Wind Power Safety in Japan
In the wake of a significant number of accidents during storms, the Japanese government is in the process of introducing regulations requiring improved maintenance for wind turbines. The United Kingdom will probably have to consider something similar, partly for reasons of public safety and also to protect what are in effect public assets from owners keen to maximize profits rather than longevity.
On the 22nd of March 2016 the Electric Power Safety Subcommittee in Japan’s Ministry of Economics Trade and Industry (METI) met to discuss, amongst other things, the safety record of Japan’s 2,700 MW of larger onshore wind turbines, a fleet that comprises about 2,000 machines at 460 sites, a relatively small fleet by European standards. The minutes are as yet unpublished, but the committee papers and agenda are available, and the probable conclusions and actions are inferable from those papers, and other information, are already being reported in the Japanese press, notably the Nihon Keizai Shimbun (22.03.16).
Since 2005 the number of incidents involving wind turbines, mostly owned by small firms or individuals rather than large utilities, has hovered around 50 per year, which represents a decreasing rate given a rising capacity, but is still in absolute terms sufficient to suggest that better regulation may be necessary for reasons of public safety. The accidents are mostly gross mechanical problems such as blade loss, but include one instance of non-fatal electrocution. Importantly, whilst incidents affecting machines owned by large utilities have been declining in number, suggesting improved maintenance and safety procedures, those with private owners have not and may even be increasing. Of the 52 incidents in 2014, 51 affected privately owned wind farms.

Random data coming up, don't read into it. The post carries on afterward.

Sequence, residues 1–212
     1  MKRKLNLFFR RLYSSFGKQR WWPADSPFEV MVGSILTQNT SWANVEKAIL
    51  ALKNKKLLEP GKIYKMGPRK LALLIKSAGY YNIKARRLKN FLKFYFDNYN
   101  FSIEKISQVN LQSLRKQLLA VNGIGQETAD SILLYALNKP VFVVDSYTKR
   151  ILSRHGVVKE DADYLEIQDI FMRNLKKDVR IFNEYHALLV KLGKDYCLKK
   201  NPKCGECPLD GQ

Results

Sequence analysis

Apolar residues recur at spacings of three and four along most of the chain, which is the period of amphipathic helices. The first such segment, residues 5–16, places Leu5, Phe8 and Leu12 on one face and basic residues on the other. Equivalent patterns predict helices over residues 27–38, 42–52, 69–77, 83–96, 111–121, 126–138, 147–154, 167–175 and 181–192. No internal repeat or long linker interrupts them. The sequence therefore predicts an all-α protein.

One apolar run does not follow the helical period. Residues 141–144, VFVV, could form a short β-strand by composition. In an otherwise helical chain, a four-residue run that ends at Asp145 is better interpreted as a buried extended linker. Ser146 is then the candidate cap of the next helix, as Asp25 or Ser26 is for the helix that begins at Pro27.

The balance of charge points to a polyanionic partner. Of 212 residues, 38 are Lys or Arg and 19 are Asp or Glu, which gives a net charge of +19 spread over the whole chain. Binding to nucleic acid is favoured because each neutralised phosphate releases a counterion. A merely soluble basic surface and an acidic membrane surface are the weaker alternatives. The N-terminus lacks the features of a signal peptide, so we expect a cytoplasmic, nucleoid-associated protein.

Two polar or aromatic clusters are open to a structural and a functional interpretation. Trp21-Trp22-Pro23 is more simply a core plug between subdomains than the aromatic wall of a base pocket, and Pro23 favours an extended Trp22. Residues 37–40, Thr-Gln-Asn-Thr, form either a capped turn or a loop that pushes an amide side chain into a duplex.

METI’s response is to propose a significant strengthening of the safety testing regime, and it seems that from 2017 wind turbine operators must submit to a safety inspection every three years by a private company reporting to METI itself. The scope of the inspection is very broad, with the general intention of ensuring that the machines are secure during Japan’s typhoon season, which brings very strong winds and a relatively high probability of lightning strikes. Wind turbine generators that are willing to install remote monitoring permitting METI’s inspectors to make checks via the internet may not be required to submit to onsite inspection at such frequent intervals.
By contrast, and simultaneously, the safety regulations on thermal plant will probably be relaxed in the light of a stable and satisfactory incident record, with the inspection schedule being increased from 6 to 8 year intervals.
While some allowance must be made for the fact that Japan is particularly safety-conscious in relation to electric power generation at present, and that Japan’s typhoons are powerful storms by any standards, this tightening of wind turbine standards raises a number of interesting questions concerning the safety standards of the wind fleet in the UK, particularly that in Scotland which is continuing to grow in spite of the Westminster government’s ebbing enthusiasm.